11 Strange Discoveries in Antarctica
From Fantastic Fossil Finds in ancient ice, to Sea Spiders from your Nightmares; These are 11 Strange Discoveries in Antarctica!
Sea spiders can be found all over the world. They’re actually marine arthropods, and can normally range in size from 1 millimeter to around 25 centimeters. But in Antarctica, it’s another story. Sea spiders can grow to massive sizes, with leg spans up to 90 centimeters! With 8 long legs and a proboscis (pruh-BOSS-is) to match, the creatures grow larger in this region than anywhere else in the world. They represent a phenomenon called ‘Polar Gigantism’ (jie-GAN-tism). That condition is also found in other animals such as certain mollusks, which are known to grow larger at the North and South Poles. Scientists still aren’t sure how to explain the phenomenon. One hypothesis holds that the creature's greater size is connected to a higher concentration of oxygen in cold waters … and there is a higher content of oxygen found in seawater off the Antarctic coast. So that, combined with slower metabolisms due to colder temperatures … could lead to the creatures having larger bodies.
It may look like the result of Photoshopping, but these icebergs are real … and they’re found not only in Antarctica, but north to the Arctic Circle as well. The stripes found in the icebergs can range in color from blue, black, and even green! The bizarre patterns are the result of frozen melt water that combines with sediment, algae, and immense pressurization. When gaps in the icebergs are filled with meltwater and freezes, the blue striping occurs. Darker markings occur from sediment collected during the iceberg’s development, or still connected to a glacier by an ice shelf. When algae found in seawater freezes to the bottom of the icebergs, green veins are the result. As you can see, the effects can appear as if someone spilled green paint down the iceberg’s slope.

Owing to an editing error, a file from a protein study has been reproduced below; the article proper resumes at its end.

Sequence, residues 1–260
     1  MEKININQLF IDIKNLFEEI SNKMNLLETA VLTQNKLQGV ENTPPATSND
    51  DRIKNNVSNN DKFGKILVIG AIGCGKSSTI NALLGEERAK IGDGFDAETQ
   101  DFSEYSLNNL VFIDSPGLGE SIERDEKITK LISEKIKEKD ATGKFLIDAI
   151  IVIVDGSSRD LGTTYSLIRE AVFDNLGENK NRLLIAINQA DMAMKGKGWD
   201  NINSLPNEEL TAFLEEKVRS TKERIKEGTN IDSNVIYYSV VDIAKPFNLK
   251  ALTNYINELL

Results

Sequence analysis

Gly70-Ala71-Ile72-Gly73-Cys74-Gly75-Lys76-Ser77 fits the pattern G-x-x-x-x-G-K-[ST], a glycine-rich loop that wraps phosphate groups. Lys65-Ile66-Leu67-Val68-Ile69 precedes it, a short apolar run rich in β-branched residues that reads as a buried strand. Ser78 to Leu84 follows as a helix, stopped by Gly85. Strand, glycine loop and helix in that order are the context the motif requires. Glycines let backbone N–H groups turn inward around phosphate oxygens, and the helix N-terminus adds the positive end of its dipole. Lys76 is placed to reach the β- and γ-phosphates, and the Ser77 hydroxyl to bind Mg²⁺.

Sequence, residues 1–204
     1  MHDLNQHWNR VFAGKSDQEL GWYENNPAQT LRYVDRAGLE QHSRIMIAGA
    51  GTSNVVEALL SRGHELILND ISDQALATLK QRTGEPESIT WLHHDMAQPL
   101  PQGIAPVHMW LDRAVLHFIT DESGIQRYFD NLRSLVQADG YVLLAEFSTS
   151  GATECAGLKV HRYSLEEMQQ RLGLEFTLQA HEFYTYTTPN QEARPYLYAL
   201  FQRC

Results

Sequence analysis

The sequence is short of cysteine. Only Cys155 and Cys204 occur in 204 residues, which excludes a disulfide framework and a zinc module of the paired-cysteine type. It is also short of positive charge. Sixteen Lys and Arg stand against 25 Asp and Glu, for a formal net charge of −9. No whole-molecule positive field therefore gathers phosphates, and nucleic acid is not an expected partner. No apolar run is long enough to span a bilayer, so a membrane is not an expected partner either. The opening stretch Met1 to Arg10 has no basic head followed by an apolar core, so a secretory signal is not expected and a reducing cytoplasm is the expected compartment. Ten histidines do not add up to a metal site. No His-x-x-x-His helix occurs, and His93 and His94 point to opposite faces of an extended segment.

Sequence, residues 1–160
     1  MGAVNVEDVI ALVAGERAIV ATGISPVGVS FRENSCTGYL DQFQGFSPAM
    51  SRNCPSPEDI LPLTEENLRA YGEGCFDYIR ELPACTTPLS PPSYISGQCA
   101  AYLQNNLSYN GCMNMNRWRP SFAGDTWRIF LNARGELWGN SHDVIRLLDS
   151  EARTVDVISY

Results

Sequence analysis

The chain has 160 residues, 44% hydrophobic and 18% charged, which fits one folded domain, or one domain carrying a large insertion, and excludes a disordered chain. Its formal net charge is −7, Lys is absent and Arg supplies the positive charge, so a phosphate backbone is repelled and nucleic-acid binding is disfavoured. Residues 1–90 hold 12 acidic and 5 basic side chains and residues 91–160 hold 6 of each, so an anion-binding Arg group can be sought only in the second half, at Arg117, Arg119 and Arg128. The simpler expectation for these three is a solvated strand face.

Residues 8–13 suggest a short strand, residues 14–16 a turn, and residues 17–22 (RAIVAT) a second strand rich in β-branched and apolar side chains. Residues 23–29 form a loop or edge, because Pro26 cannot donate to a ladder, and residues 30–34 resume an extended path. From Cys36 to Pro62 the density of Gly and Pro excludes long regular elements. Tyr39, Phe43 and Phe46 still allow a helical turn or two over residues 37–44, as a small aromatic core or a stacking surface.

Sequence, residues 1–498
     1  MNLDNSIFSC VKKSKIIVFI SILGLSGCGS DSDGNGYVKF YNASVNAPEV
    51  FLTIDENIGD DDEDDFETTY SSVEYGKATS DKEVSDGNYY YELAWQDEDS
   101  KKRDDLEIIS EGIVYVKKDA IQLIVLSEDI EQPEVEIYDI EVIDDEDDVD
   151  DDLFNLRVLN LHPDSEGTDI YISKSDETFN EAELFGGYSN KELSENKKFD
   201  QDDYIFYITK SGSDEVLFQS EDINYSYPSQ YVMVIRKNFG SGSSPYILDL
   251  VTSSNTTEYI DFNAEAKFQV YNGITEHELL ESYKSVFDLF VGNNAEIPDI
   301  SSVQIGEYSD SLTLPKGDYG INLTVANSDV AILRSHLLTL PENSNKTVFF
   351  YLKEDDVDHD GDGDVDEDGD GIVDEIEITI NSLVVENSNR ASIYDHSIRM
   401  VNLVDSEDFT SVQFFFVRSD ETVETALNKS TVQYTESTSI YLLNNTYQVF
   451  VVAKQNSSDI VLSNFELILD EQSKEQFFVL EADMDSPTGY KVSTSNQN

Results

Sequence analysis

Until recently, scientists were baffled by a huge impact crater located in Antarctica … one that measured an incredible 2 kilometers (1.24m) wide! The mysterious ring-like anomaly was observed by researchers during a routine survey flight over East Antarctica … It was described as a type of circular scarring in the ice sheet, which surrounded what appeared to be broken icebergs and additional scarring in the ice. What could have produced such a strange structure in the normally flat and featureless ice-scape? The formation was the result of a meteorite, one that measured an estimated 7 to 10 meters wide … and would have exploded in the skies above Antarctica with a force equal to 12,000 tons of dynamite! Experts believe the meteorite would have arrived in 2004 … That’s based upon findings from two separate studies. One study cited a dust trail observed in the atmosphere around September of 2004 … The other offered evidence of low frequency sounds detected by six global infrasound detectors. The low frequency sounds of the exploding meteorite were picked up in September of 2004 as well. That information allowed experts to pinpoint where the meteor fell …and it matched the location of the enormous crater discovered at the King Baudoin (baw-doo-in) Ice Shelf.
We earlier showed you some icebergs with some bizarre striping … now here’s a location in East Antarctica that looks as if it could be murder scene! The gory looking location is named, appropriately enough, ‘Blood Falls’. The unsettling color isn’t the result of foul play. The coloration is partially the result of a brine liquid discharge that flows from Taylor Glacier. The discharge is rich in iron oxides … which helps to result in a reddish hue. But researchers have also discovered that the brine is part of a saltwater aquifer network that extends over 1100 feet below the ice. The network of salty lakes is thought to contain microbial life, which alters the brine’s iron and sulphur compounds as part of its survival. When the liquid oxidizes at the surface, the bloody coloration results. Experts say the network of of saltwater lakes is located underneath the McMurdo Dry Valleys … Did you know that is considered to be among the coldest and driest deserts in the world?
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Posted by Nicole Bourbaki